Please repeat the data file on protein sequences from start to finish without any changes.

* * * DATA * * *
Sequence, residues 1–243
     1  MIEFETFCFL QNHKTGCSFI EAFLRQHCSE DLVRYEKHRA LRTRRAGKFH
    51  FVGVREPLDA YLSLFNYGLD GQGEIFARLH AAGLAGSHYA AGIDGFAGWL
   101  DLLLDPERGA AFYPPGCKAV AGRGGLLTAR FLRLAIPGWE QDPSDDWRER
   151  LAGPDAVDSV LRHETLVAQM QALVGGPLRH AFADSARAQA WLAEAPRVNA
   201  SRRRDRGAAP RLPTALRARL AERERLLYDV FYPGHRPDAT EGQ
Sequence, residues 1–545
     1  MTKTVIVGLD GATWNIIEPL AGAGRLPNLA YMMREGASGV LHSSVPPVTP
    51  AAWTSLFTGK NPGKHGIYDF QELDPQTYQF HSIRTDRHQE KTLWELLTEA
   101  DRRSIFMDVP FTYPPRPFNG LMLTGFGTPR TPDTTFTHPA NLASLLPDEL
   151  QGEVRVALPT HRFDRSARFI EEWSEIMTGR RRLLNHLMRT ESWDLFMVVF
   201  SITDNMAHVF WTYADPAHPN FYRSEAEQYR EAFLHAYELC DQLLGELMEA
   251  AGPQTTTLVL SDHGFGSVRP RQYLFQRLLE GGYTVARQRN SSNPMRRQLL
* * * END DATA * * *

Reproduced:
Sequence, residues 1–243
     1  MIEFETFCFL QNHKTGCSFI EAFLRQHCSE DLVRYEKHRA LRTRRAGKFH
    51  FVGVREPLDA YLSLFNYGLD GQGEIFARLH AAGLAGSHYA AGIDGFAGWL
   101  DLLLDPERGA AFYPPGCKAV AGRGGLLTAR FLRLAIPGWE QDPSDDWRER
   151  LAGPDAVDSV LRHETLVAQM QALVGGPLRH AFADSARAQA WLAEAPRVNA
   201  SRRRDRGAAP RLPTALRARL AERERLLYDV FYPGHRPDAT EGQ
Sequence, residues 1–545
     1  MTKTVIVGLD GATWNIIEPL AGAGRLPNLA YMMREGASGV LHSSVPPVTP
    51  AAWTSLFTGK NPGKHGIYDF QELDPQTYQF HSIRTDRHQE KTLWELLTEA
   101  DRRSIFMDVP FTYPPRPFNG LMLTGFGTPR TPDTTFTHPA NLASLLPDEL
   151  QGEVRVALPT HRFDRSARFI EEWSEIMTGR RRLLNHLMRT ESWDLFMVVF
   201  SITDNMAHVF WTYADPAHPN FYRSEAEQYR EAFLHAYELC DQLLGELMEA
   251  AGPQTTTLVL SDHGFGSVRP RQYLFQRLLE GGYTVARQRN SSNPMRRQLL